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#11) On September 27, 2009 at 2:18 AM, bigcat1969 (93.31) wrote:

I agree that unions have an important place in this country and are needed at points, but the unions had a huge hand in the destruction of Detroit.  Read any of the histories that talk about the auto industry.  The unions would take everything they could in the good times and give nothing back when the companies hit the tough times.  They would basically threaten to not only strike but also destroy the assembly lines on the way out the door.  Also corruption was and is a huge problem in these unions.

I think that the companies and the unions deserve a 50/50 split of the blame for what happened.

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#12) On September 27, 2009 at 2:25 AM, topsecret09 (38.26) wrote:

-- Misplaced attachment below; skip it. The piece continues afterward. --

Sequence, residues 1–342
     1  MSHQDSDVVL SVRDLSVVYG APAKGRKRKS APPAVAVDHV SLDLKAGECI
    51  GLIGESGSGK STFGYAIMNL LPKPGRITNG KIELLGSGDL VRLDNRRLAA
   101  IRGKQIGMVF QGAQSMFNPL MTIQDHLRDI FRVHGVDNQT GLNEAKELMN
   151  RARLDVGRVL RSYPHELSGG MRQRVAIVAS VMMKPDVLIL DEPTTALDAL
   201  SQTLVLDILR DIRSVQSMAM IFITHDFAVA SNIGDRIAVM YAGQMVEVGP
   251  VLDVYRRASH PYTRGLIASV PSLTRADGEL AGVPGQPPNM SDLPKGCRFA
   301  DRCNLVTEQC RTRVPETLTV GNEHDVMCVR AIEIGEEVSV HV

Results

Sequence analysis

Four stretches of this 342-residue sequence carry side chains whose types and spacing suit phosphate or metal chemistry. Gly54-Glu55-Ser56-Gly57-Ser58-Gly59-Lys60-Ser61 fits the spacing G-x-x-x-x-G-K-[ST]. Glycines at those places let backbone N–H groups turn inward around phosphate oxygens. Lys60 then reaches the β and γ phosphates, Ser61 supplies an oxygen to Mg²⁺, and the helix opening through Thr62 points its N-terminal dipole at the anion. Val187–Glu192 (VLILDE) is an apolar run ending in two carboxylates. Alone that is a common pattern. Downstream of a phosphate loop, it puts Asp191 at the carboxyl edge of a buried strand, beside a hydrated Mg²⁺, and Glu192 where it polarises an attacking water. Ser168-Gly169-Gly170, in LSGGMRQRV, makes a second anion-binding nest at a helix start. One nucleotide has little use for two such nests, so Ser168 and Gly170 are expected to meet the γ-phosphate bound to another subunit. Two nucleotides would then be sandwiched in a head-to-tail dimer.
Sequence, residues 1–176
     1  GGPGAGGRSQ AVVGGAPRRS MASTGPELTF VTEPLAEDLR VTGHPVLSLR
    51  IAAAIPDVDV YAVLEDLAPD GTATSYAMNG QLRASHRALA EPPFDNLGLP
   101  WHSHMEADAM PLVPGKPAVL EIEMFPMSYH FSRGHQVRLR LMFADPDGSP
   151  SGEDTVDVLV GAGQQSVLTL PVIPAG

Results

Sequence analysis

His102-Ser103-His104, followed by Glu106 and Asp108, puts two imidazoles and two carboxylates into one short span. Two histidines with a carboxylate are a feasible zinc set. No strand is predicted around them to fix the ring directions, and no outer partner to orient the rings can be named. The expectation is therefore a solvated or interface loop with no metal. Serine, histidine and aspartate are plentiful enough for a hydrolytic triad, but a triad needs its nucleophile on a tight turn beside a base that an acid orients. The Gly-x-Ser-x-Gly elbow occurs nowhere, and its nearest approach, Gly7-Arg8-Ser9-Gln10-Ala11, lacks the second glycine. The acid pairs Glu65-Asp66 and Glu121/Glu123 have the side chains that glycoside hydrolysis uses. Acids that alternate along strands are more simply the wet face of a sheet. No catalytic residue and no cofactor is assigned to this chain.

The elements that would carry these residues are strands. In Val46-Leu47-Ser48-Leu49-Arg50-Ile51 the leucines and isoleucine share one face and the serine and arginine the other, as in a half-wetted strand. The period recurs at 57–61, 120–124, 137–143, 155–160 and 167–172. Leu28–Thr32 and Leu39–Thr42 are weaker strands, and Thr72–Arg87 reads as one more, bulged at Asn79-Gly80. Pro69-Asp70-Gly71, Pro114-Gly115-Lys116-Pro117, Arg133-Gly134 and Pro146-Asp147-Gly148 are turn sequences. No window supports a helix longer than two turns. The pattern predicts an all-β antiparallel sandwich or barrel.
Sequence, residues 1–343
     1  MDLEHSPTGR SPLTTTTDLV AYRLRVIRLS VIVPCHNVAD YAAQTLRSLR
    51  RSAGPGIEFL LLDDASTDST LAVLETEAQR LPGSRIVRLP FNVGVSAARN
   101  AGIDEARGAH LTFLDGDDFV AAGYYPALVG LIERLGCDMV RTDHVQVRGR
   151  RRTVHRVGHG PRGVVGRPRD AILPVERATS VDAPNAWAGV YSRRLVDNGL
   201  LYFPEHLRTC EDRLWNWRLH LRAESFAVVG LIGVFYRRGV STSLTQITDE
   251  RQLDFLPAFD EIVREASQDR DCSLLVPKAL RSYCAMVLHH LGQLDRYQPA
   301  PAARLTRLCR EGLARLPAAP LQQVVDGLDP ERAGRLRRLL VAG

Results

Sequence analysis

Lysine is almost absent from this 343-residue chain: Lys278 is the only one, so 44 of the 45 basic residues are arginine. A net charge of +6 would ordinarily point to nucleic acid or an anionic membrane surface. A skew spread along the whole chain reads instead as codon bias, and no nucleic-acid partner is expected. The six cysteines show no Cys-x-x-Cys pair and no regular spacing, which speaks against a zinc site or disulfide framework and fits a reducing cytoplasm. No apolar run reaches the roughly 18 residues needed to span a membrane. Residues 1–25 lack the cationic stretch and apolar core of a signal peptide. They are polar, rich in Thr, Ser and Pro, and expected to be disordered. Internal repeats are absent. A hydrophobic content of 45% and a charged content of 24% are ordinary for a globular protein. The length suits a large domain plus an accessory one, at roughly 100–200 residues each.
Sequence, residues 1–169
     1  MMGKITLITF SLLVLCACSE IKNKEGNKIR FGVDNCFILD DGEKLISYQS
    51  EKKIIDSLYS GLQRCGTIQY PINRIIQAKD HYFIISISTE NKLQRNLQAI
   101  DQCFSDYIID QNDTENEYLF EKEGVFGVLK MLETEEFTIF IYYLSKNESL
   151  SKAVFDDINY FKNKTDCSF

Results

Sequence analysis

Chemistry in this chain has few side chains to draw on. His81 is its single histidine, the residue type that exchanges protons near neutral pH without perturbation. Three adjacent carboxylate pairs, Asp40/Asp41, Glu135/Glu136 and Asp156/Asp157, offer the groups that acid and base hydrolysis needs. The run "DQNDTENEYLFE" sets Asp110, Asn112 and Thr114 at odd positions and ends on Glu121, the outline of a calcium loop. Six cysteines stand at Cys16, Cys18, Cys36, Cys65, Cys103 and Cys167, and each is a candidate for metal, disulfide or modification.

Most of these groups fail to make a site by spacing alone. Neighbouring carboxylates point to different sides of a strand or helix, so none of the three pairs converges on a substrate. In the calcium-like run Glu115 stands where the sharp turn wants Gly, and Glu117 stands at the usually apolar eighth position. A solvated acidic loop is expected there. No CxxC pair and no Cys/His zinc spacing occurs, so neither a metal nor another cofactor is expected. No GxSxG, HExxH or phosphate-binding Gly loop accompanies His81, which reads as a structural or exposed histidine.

#11) On September 27, 2009 at 2:18 AM, bigcat1969 (97.25) wrote:  Read any of the histories that talk about the auto industry.  The unions would take everything they could in the good times and give nothing back when the companies hit the tough times ...  please provide links to these stories If you can...  TS

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#13) On September 27, 2009 at 2:29 AM, topsecret09 (38.26) wrote:

  While not blameless In the automakers demise,they should not be demonized either... everyone can thank the unions for the 40 hour work week,and overtime pay. Part of the reason that AMERICA celebrates LABOR DAY every year... TS

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#14) On September 27, 2009 at 3:09 AM, checklist34 (99.73) wrote:

dynamic is this:

unions get a contract worked out in boom times so the auto companies don't want to shut down factories, they want to run them and profit.